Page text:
Four Star Tour 2013 : 35-mile Route

Background Reading

Summary

View from the outdoor eating area of Native Foods Cafe in the Loop.

View from the outdoor eating area of Native Foods Cafe in the Loop.

The Four Star Bike Tour 2013 was an interesting blend of experiences. On the one hand the early portions of the ride were quite interesting because of the scenery. Some of the neighborhoods reminded me of the North Shore Area with large homes on large lots and well-manicured lawns.

But some portions of the route were downright mystifying. They were neither scenic nor really suitable for riding in a group event such as this. In fact some portions were downright dangerous to ride. I got the impression that these would have been better tackled on a mountain bike rather than a road bike. And given that I was riding a LWB recumbent it was not a fun experience!

Experience Is Key

My very first Chicago Bicycling Federation ride was in 1992 or 1993. It was then called the Boulevard Lakefront Tour. As time passed it seems that portions of that ride morphed into the modern day Bike The Drive. As always rides like these can be improved up, but there seems to be some difficulty with this new version of the Boulevard Lakefront Tour that are troublesome.

The most prominent point to be addressed is the route marking technique being used. On several legs of the ride participants missed key turns because of the placement of the route markers. Having these in a consistent place on the roadway is important. Sometimes they were stenciled onto the pavement along what might be considered the position ordinary taken by a cyclist. At other times they were actually hidden under automobiles that had parked over them.

One route marker (intersection of Wilson and Magnolia) was placed directly over the double yellow line and could not be seen if you were scanning the righthand side of the street where the previous markers had been situated. I chalk this up to there being more than one person doing the route marking perhaps?

The other rather odd bit was that sometimes the route markings were actually tape arrows. They were bright pink as were the sprayed versions but it was confusing at first until I realized that they were being used in places where perhaps spray paint was not allowed.

A HodgePodge Route

The latter half of the route was miserable. We needed flaggers at for instance the Logan Square roundabout. You could hear riders calling out to one another because the markings were not visible if you were not in the correct lane and finding that position was difficult when traffic was whirring all around. All those folks who were needless at much more mundane locations should have been working that one for certain.

But one got the impression that the latter half of the route was simply tossed together in a hurry. It was not scenic and it could have been. But again experience is key. I hope that each year the persons who worked on the ride the previous year are being debriefed and their findings collated and archived for future workers. If not then now is the time to begin!

Four Star Tour 2013 – 35 Mile Route from Beezodog’s Place on Vimeo.

Rider Traffic Volume Can Make Or Break A Route

Where Berwyn crosses Sheridan Road to bring the riders onto the Chicago Lakefront Path we encountered one of many places not designed for ‘herd migration volumes‘. The pavement leading onto the trail was half as wide as it should have been because of some lack of repair issues. It frankly was dangerous to have that many individuals (some on tandems) trying to squeeze onto this narrow ribbon of concrete and then fan out onto the trail ahead.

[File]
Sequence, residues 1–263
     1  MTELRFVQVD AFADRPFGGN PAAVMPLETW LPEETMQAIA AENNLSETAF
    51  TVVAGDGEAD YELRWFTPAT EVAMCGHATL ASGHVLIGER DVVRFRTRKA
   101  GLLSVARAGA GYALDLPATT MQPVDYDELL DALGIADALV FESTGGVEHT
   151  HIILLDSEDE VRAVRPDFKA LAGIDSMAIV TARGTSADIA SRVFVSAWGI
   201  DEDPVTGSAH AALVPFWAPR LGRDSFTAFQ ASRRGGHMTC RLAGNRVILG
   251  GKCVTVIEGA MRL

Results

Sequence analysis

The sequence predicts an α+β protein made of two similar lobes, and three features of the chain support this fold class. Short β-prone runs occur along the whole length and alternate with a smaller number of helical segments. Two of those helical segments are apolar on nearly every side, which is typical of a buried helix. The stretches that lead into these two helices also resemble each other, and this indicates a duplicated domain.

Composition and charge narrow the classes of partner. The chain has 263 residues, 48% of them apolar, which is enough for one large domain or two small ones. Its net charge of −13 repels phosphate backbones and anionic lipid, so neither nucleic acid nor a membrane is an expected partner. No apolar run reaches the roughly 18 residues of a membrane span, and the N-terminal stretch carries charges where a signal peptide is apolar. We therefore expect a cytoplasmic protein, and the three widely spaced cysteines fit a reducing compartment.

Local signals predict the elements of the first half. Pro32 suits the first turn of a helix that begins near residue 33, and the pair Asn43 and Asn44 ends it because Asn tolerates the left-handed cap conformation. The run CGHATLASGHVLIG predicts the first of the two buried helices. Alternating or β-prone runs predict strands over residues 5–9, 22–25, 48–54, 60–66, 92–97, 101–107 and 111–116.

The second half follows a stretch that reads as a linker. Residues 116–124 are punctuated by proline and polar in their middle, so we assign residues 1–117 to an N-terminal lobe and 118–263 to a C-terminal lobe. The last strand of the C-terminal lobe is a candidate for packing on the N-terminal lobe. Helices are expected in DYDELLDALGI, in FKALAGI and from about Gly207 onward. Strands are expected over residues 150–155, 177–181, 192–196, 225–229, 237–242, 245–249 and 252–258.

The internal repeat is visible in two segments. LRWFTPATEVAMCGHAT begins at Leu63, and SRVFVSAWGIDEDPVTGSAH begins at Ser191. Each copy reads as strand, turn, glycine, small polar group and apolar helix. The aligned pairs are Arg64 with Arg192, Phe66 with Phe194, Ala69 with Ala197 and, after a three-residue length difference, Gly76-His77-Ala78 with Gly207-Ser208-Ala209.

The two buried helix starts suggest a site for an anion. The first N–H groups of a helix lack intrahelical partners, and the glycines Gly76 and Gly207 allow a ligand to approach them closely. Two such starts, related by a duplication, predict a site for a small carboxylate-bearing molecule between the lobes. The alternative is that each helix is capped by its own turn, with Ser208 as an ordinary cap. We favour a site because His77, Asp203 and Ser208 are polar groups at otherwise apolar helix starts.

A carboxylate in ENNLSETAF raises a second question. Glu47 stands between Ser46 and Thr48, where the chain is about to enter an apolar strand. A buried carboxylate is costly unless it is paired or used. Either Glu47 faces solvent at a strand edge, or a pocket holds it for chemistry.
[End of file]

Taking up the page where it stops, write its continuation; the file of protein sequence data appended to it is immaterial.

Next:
In fact when coming out from the overpass tunnel to reach the trail, there were near collisions as first folks were confused as to which direction to travel and then unable to easily negotiate entry onto the trail because of its existing traffic pattern. This was definitely a place where a flagger was needed to help conduct traffic and given directions.

On our way into the water rest stop we encountered an ambulance in the street and someone was being placed in it. Off to the other side of the roadway bikers were on phones presumably telling others about the mishap. We did not stay to find out more about the situation but instead moved on to let the EMTs do their jobs.

But coming in an out of the park where the water was being dispensed we ran into riders on the 65-mile loop trying to negotiate more lousy pavement while those on the 35-mile route were attempting to enter. Not a good situation. There were flaggers here sitting on their fannies who probably should have been directing traffic to help avoid mayhem.

My general impression of the help being provided is that is was spotty in quality. Either you had folks who were basically going through the motions of trying to help direct traffic or you had others who merely sat and watched as the riders went by. It might be time to get some training for the volunteers that occurs out in the field and is not arranged over a table at the Active Transportation Alliance offices. In fact video capture of this years ride would be instructive for future volunteers who need to be alerted to the problems that can occur.

My Legion Park experience was mixed. This should have been a nice scenic portion of the route but the entry into the park was over a narrow sidewalk with a hard right turn that even people on upright bikes were complaining about. But once into the park you came to a bridge which again required a hard right up a very short steep incline. Really?

Who thought this was suitable for a group as large as this? And once again at the end of the crossing of the creek just after rounding behind a school there is a volunteer sitting on his fanny waiting for folks to arrive and directing them across the intersection. Very poorly handled situation folks. Clearly the volunteers were either bored or going through the motions and should have been strategically placed where they could do the most good.

The Pot Calling the Kettle Black

As I rode along the 35-mile route and noticed the paucity of clear markings at various points I started to get the giggles. If you enter the ChainLink Discussion Forum you invariably find someone like Adam Herstein ranting and raving about pavement marking conditions or the lack of them altogether. And then there will be the inevitable promise by someone from ATA that a 311 call will be made to rectify the situation. So why then are the folks who haunt the ChainLink Forum and are serving as volunteers and the group that supposedly whips lazy and ineffectual City Hall workers doing such a bad job all on their own?